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There are many factors that determine happiness on the job. Attractive salaries, work-life balance and relationships with peers and leaders may first come to mind, but we may be overlooking one important key: feeling appreciated. An October 2014 study by The Boston Consulting Group and The Network discovered that “appreciation for your work” was ranked as the No. 1 factor for happiness on the job.
Proposal management professionals are no exception. We play an important role for our organizations, often while managing tight deadlines and high levels of stress. We want to feel that our contributions matter. Failing to feel acknowledged can be costly for individuals and organizations alike, leading to burnout, absenteeism, lack of engagement, turnover and increased health care costs. In fact, the Harvard Business Review estimates that burnout costs U.S. employers between $125 billion to $190 billion dollars in health care spending each year.
Start showing appreciation today to help energize your proposal team, increase morale, retain top talent and express their significance. These tips can help you get started.
- It doesn’t have to be costly. We may feel we don’t have the budget for recognition, but the old adage is true: It’s the thought that counts. From heartfelt words of gratitude, a handwritten note or card, or offering a high performer a primo parking space for the week, appreciation doesn’t have to break the bank.
- Let’s go shopping. If the budget does allow, gift cards are a great way to say thanks. The amount should be based on the level of accomplishment being celebrated and your budget. Personalization is always best. Take the time to learn where members of your team shop or eat and give a gift card unique to them.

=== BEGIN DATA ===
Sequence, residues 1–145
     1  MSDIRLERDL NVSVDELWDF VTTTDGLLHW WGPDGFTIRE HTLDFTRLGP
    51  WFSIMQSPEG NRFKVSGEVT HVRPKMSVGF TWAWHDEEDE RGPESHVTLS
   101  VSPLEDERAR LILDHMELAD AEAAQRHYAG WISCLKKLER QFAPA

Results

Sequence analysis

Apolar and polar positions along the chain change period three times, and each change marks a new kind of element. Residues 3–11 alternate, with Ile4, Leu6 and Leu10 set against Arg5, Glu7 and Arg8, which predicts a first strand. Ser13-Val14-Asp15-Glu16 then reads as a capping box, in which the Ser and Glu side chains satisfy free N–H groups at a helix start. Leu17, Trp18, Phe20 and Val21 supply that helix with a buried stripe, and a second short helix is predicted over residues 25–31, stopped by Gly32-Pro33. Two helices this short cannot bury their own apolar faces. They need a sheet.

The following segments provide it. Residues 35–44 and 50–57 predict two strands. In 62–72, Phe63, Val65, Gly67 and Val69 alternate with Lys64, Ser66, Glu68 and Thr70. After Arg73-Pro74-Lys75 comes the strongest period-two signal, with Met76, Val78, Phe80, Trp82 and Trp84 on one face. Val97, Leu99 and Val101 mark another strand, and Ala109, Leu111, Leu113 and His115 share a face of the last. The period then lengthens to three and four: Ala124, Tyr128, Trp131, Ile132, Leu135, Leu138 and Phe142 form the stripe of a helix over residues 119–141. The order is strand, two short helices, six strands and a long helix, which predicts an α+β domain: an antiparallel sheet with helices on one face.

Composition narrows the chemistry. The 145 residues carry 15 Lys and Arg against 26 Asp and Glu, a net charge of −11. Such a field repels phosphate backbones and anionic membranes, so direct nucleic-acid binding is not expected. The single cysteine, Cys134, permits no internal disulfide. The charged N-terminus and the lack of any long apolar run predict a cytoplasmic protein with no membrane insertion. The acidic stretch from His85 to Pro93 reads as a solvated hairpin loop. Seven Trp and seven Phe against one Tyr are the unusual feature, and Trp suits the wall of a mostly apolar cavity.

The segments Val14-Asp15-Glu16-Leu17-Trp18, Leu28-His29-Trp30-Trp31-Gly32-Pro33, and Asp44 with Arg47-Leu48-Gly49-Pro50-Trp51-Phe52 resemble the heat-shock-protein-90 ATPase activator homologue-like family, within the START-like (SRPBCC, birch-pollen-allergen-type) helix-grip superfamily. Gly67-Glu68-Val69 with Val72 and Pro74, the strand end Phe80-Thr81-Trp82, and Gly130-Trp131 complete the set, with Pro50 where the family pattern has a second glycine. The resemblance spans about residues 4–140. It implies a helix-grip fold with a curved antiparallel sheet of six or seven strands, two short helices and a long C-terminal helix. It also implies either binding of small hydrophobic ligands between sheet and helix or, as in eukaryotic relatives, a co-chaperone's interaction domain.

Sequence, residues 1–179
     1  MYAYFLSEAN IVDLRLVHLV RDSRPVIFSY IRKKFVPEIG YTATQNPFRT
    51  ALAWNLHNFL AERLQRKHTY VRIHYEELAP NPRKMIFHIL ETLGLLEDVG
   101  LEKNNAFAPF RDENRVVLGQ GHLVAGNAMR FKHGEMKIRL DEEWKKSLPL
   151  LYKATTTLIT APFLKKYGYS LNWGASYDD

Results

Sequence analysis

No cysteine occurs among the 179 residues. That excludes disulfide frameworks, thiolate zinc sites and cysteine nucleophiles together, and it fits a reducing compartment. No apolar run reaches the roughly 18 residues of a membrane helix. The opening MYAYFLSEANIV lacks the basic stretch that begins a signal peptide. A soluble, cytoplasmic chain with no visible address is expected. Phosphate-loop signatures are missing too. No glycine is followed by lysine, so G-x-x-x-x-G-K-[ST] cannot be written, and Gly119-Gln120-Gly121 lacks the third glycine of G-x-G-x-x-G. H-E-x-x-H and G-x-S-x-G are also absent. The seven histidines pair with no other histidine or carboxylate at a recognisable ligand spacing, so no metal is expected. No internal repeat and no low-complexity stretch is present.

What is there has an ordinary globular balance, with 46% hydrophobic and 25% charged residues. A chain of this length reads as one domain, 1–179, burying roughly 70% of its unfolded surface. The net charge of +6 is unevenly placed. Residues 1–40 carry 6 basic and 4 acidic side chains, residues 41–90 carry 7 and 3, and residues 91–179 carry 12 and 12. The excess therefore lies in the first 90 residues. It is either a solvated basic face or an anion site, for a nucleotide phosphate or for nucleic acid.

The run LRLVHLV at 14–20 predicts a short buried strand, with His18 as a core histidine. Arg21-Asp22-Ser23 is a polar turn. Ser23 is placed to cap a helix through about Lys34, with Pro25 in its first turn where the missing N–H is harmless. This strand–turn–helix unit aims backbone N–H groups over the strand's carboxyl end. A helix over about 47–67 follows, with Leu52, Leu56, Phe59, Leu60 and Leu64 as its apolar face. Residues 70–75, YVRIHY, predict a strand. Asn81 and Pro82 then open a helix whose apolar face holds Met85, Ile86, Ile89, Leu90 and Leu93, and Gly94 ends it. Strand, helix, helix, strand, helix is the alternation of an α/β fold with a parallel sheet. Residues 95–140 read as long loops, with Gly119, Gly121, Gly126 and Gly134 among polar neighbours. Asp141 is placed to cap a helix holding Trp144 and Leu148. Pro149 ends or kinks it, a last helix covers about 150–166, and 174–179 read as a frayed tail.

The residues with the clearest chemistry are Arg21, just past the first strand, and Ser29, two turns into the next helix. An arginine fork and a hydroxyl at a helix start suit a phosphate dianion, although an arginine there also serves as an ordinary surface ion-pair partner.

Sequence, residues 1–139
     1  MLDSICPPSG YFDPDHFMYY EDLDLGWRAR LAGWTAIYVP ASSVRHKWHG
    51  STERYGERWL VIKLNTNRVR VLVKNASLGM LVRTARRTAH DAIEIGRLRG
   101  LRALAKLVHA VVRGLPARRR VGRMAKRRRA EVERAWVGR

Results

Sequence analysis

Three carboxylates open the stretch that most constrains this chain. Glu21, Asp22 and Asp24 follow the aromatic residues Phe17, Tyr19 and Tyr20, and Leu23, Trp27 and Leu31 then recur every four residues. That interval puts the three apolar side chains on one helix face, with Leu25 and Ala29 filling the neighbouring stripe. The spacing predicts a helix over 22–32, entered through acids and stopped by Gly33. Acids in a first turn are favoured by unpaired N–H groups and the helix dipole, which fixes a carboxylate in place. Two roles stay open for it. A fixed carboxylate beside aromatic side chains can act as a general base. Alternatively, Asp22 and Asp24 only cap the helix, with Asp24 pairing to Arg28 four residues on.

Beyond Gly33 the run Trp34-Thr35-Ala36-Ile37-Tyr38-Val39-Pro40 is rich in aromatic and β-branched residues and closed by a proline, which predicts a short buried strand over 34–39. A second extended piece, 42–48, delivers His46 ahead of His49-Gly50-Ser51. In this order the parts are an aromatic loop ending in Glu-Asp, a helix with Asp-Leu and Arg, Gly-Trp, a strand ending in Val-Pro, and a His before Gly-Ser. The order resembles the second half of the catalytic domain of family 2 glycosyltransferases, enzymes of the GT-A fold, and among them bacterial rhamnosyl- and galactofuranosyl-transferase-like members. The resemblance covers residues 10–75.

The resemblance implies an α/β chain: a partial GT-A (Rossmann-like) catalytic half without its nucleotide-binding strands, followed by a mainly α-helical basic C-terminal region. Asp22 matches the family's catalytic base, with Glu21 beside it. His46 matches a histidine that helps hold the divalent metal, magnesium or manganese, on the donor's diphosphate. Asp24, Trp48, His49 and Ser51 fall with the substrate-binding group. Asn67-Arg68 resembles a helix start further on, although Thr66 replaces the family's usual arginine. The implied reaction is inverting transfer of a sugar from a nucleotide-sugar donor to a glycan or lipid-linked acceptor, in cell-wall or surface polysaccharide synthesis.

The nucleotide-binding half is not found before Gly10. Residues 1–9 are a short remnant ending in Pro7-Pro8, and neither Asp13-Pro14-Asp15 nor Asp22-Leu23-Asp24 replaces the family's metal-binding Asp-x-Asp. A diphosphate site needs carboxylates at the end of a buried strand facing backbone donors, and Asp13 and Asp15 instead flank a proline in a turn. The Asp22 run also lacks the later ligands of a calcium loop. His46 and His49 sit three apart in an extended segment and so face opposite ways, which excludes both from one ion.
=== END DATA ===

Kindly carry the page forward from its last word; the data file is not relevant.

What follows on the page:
- Tie recognition to company values. You can help demonstrate to team members that their extraordinary efforts are impactful and meaningful to the organization. When presenting recognition, be sure to emphasize how the achievement connects to your company’s values, culture and purpose.
- Celebrate careers. Proposal professionals want to feel that their time on the team is well-spent and recognized. To celebrate key career anniversaries, arrange a special gathering to honor the employee. Invite some of their peers, leaders or even family members to share remarks about their impact.
- Make it public. From posting accomplishments on an intranet or company webpage, to acknowledging performance in a team meeting or huddle (you can even call a quick stand-up meeting to call out a recent accomplishment), public recognition is effective. It gives credit where it’s due and reinforces the value of the achievement to your team. In turn, this inspires further engagement.
- Celebrate among peers. Peer-to-peer recognition allows proposal team members to connect and bond with each other. Set up a designated email address and inbox where team members can recognize each other, and share the results in a team meeting. Create a trophy for your team (bonus if it incorporates your organization’s purpose) that gets passed around. It may be for the MVP of a project or, perhaps, every week, someone new is nominated, and they get to keep the award at their desk.
- Celebrate the team. Whether bringing in lunch or going out to celebrate, team recognition helps everyone feel appreciated and allows them time to bond outside of projects and deadlines.
- Get out of the office. A long lunch or an extra day off allows your employees well-deserved time to unwind, relax and come back ready to tackle the next big proposal.
- Include subject-matter experts. From IT professionals to engineers and sales staff, it often takes a village to create a winning proposal response. Including subject-matter experts helps them see the value in their contributions and strengthens relationships you can leverage in future opportunities.
- When in doubt, ask your team. As part of the onboarding process, have new team members share a little about themselves in a team member profile. This can include their birthdate, favorite treats and how they like to be recognized. Beyond helping your team get to know each other, you’ll better understand what types of appreciation resonates with them.
No matter what you do, get started today and remember that the best employee recognition begins with heartfelt appreciation and ends with a personal touch. The rewards of doing so will be felt across your proposal team and throughout your organization.
Alex Churchward, CF APMP, is a strategic proposal specialist at O.C. Tanner, a global HR technology and services company, dedicated to helping people thrive at work. Alex is based in Salt Lake City.